John Morgan

Professor of Chemical Engineering
Director, Graduate Studies
Professor of Biochemistry (by courtesy)

FRNY 1053
Purdue University
Davidson School of Chemical Engineering
Forney Hall of Chemical Engineering
480 Stadium Mall Drive
West Lafayette, IN 47907-2100
(765) 494-4088 (office)
(765) 494-0805 (fax)
Joined Purdue in 2000
B.S. University of Kansas, 1992
M.S. University of Kansas, 1994
Ph.D Rice University, 1999
Postdoctoral Fellow, University of California, Berkeley, 1999-2000

Research Interests

Professor Morgan's research group is interested in engineering metabolic pathways towards increased production of chemicals as well as novel biologically active metabolites. We are combining molecular biology with mathematical modeling of metabolism that enables the rational design of modifications to existing pathways. The approaches we employ span scales from manipulating the molecular structure of enzymes to bioreactor design and operation strategies

Metabolic Engineering of Plant Phenylpropanoid Metabolism

Phenylpropanoids are a large family of structurally related compounds found in Nature, predominantly in plants. Many molecules from this diverse set of compounds have important biological activities, such as attractants (beautiful colors and fragrances!), anti-cancer or anti-microbial. Although, these compounds can be extracted from the plant, it is not always economical. The approach we are taking to produce large quantities of these compounds is to clone the genes out of the plant and express them in a microbial host. Engineers already have a great deal of experience with the large scale growth of microbes, making scale-up of a productive strain straight-forward. Specific projects include improving the selectivity and yield of products from yeast, producing non-natural analogues of natural products and engineering enzymes to accept a broader range of non-natural substrates

Metabolic Flux Analysis of Photosynthetic Organisms

Because of their efficiency and sustainability, plants are excellent chemical factories. The ability to manipulate the accumulation of chemicals in plants is becoming a reality due to advances in genetic engineering. However, the current understanding of the regulation of plant metabolic fluxes is rudimentary. Our research is interested in developing tools to quantify metabolic carbon and nitrogen fluxes in plants, which is a key tool in evaluation of the effects of environmental and genetic influences on chemical accumulation in plants. We are combining the fields of metabolic profiling by gas chromatography/mass spectrometry with metabolic flux analysis. The combination of high-throughput analysis by GC/MS of plant metabolites with feeding isotopically labeled precursors will enable efficient calculation of fluxes.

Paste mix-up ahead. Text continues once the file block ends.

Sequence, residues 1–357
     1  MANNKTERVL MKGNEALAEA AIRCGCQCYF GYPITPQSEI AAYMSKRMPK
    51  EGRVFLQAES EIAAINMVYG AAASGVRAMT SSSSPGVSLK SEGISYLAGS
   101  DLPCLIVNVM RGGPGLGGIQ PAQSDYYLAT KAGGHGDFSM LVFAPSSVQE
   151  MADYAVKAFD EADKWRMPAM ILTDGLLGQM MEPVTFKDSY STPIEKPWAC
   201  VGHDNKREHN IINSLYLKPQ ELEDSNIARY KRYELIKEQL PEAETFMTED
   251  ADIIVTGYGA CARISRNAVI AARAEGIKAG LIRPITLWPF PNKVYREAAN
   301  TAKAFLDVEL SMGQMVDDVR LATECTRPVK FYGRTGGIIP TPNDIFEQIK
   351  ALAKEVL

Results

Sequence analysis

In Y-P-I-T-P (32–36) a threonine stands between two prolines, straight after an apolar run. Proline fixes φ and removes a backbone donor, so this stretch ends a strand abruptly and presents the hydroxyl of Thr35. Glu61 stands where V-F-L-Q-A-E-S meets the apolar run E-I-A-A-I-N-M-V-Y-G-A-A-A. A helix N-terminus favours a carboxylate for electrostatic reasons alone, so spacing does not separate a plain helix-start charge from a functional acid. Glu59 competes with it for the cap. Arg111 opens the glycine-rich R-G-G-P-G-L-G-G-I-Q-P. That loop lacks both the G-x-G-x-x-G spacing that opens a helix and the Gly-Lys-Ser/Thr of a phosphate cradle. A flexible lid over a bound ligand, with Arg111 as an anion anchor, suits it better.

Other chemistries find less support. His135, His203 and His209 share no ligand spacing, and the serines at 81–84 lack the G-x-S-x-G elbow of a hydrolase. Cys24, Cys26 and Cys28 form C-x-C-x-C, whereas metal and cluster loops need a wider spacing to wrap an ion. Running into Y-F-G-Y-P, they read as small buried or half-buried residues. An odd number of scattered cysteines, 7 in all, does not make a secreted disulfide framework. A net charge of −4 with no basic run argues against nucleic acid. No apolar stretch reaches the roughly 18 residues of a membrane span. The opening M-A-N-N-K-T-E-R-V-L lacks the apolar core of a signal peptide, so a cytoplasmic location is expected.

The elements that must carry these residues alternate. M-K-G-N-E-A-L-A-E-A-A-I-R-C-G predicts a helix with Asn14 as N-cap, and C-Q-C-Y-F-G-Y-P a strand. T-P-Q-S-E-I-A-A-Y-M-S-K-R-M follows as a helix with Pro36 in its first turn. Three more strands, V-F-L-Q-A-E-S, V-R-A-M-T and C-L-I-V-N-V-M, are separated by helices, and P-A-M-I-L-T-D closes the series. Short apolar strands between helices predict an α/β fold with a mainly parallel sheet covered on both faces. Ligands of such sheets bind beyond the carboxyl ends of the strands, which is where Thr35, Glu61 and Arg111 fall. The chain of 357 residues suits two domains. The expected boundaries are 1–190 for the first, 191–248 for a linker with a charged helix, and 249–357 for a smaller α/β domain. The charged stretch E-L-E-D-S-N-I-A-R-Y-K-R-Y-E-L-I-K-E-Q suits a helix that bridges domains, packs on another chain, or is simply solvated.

Metabolic Engineering of Algae for the Production of Biodiesel

The Morgan group is engineering the metabolic pathways of Chlamadymonas reinhardtii as a model system for biodiesel production. Advanced genetic tools are being applied to understand the systems biology of the process of lipid accumulation in microalgae. Specifically, the Morgan group is perfuming metabolic flux analysis on the metabolically engineered strains. In a separate project we are investigating heterotrophically grown algae to produce biodiesel from glycerol.

Research Group

Graduate Students

  • Arnav Despende
  • Rohit Jaini
  • Shaunak Ray
  • Meng-Ling Shih
  • Nathaphon (Joel) Yu King Hing

Undergraduate Researchers

  • Xiangying Liao
  • Mattia Rostochak
  • Ruijun Zheng

Awards and Honors

University Faculty Scholar, 2016
Fellow, American Institute of Medical and Biological Engineering, 2016

Selected Publications

"The monolignol pathway contributes to the biosynthesis of volatile phenylpropenes in flowers," J. K. Muhlemann, B. D. Woodworth, J. A. Morgan, and N. Dudareva, New Phytologist, doi: 10.1111/nph.12913, (2014)

"Simulating Labeling to Estimate Kinetic Parameters for Flux Control Analysis," A. Marshall-Colon, N. Sengupta, D. Rhodes, and J. A. Morgan, Methods in Molecular Biology, 1090, 211-222 (2014)

"Isoptomer Measurement Techniques in Metabolic Flux Analysis," J. D. Young, D. K. Allen, and J. A. Morgan, Methods in Molecular Biology, 1083, 85-108 (2014)

"Isotopically nonstationary MFA (INST_MFA) of autotrophic metabolism," L. J. Jazmin, J. O'Grady, F. Ma, D. K. Allen, J. A. Morgan, and J. D. Young, Methods in Molecular Biology, 1090:181-210, (2014)

"Analysis of Metabolic Flux Using Non-steady State Dynamics of Isotopes and Metabolic Modeling" A. R. Fernie, and J. A. Morgan, Plant Cell and Environment, 36: 1738-1750 (2013)

"Developmental changes in the metabolic network of snapdragon flowers," J. K. Muhlemann, H. Maeda, C. Y. Chang, P. San Miguel, I. Baxter, B. Cooper, M. A. Perera, PloS One 7: e40381 (2012)

"Metabolic Cartography: Experimental Quantification of Metabolic Fluxes from Isotopic Labeling Studies," J. O'Grady, J. Schwender, Y. Schahar-Hil, and J. A. Morgan, Journal of Experimental Biology, 63, 2293-2308, (2012)